Algeria , officially the People's Democratic Republic of Algeria , also formally referred to as the Democratic and Popular Republic of Algeria, is a country in the Maghreb region of Northwest Africa with Algiers as its capital.In terms of land area, it is the largest country in Africa and the Arab...

, Iraq
Iraq
Iraq ; officially the Republic of Iraq is a country in Western Asia spanning most of the northwestern end of the Zagros mountain range, the eastern part of the Syrian Desert and the northern part of the Arabian Desert....

 and others. In the period 1982–1993, Fatah's leadership resided in Tunisia
Tunisia
Tunisia , officially the Tunisian RepublicThe long name of Tunisia in other languages used in the country is: , is the northernmost country in Africa. It is a Maghreb country and is bordered by Algeria to the west, Libya to the southeast, and the Mediterranean Sea to the north and east. Its area...

.

Presidential and legislative elections


Until his death, Arafat was the head of the Palestinian National Authority
Palestinian National Authority
The Palestinian Authority is the administrative organization established to govern parts of the West Bank and Gaza Strip...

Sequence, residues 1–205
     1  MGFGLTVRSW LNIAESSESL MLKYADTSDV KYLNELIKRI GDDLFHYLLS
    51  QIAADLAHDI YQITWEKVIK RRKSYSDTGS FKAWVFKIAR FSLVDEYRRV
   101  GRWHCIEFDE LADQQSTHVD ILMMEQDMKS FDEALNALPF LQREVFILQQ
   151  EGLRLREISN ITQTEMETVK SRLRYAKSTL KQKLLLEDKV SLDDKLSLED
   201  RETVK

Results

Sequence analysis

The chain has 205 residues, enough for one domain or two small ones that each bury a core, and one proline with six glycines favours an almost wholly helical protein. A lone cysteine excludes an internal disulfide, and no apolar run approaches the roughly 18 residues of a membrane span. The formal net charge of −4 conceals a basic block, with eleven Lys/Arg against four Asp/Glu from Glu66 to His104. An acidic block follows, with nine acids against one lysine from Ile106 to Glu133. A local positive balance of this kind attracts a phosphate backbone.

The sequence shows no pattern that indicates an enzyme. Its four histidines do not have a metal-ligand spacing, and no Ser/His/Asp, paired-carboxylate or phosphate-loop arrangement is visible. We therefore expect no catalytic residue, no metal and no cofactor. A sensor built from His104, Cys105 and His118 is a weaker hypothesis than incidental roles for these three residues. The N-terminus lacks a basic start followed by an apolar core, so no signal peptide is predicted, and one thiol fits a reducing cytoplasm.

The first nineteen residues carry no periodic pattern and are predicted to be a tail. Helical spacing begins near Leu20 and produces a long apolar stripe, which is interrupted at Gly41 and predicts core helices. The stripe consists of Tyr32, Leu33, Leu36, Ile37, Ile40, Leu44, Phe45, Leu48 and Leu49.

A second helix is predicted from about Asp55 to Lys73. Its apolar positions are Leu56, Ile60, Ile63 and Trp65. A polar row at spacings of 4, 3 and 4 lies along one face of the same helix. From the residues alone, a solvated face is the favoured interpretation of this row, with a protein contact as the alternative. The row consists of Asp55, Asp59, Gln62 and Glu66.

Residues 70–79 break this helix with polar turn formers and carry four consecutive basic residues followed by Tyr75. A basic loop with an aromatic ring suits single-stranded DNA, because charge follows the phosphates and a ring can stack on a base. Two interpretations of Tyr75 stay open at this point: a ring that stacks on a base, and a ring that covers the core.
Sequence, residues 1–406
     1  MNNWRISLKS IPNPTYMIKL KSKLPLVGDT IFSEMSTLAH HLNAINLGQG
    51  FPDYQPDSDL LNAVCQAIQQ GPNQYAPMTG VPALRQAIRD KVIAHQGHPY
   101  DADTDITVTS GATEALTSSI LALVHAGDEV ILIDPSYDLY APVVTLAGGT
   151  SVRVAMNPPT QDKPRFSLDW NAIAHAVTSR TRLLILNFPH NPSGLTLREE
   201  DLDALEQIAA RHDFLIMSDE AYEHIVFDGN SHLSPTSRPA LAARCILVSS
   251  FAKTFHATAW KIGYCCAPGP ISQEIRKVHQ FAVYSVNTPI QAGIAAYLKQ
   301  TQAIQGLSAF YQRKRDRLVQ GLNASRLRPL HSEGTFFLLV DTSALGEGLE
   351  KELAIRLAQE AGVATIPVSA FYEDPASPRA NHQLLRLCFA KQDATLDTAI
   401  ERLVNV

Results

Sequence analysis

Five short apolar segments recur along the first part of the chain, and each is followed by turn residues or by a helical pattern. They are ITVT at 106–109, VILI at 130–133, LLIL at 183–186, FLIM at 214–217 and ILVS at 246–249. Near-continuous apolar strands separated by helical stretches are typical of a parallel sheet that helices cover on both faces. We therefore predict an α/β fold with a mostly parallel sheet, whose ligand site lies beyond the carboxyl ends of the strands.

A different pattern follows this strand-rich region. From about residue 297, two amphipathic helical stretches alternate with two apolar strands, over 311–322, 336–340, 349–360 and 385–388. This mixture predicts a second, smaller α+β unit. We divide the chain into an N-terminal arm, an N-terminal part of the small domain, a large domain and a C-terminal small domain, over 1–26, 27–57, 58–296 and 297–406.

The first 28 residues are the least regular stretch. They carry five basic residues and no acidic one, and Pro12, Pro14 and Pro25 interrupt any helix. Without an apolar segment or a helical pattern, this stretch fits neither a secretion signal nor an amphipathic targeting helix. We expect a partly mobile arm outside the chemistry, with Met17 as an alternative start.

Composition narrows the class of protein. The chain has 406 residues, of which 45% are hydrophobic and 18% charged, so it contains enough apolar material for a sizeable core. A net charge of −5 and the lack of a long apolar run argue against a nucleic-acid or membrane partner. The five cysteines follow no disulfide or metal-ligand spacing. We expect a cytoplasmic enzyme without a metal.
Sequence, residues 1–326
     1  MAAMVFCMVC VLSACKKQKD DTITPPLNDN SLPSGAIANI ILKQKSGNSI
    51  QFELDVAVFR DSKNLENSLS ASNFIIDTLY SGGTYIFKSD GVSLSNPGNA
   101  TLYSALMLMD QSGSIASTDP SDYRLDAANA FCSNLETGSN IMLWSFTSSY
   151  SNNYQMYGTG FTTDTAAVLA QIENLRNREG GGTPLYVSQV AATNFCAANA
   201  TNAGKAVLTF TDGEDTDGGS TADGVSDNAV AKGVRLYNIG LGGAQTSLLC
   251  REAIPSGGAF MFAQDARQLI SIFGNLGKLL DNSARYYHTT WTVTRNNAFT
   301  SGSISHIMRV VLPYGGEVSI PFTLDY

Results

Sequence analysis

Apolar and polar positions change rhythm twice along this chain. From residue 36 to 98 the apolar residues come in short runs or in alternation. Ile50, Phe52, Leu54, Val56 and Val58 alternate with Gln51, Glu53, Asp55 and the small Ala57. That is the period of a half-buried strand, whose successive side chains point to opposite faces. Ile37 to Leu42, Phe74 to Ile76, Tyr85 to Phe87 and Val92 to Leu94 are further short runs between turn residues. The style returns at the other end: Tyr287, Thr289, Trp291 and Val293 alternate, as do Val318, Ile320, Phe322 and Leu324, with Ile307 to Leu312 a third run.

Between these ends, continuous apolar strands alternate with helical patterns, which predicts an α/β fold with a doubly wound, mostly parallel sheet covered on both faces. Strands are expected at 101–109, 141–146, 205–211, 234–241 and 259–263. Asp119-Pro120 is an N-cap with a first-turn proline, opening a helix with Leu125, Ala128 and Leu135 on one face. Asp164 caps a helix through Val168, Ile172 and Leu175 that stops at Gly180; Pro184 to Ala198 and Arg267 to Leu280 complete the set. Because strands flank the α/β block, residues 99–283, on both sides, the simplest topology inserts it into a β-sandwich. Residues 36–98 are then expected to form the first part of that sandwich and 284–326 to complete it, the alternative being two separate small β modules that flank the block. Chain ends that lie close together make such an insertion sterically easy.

- the provisional entity that was created as a result of Oslo. Farouk Kaddoumi
Farouk Kaddoumi
Farouk al-Kaddoumi , also known as Abu al-Lutf, born in 1931. Secretary-general of Fatah's central committee and PLO's political department in Tunisia.-Early life:...

 is the current Fatah chairman, elected to the post soon after Arafat's death in 2004.

Fatah has "Observer Party" status at the Socialist International
Socialist International
The Socialist International is a worldwide organization of democratic socialist, social democratic and labour political parties. It was formed in 1951.- History :...

.

Since 2000, the group has been a member of the Palestinian National and Islamic Forces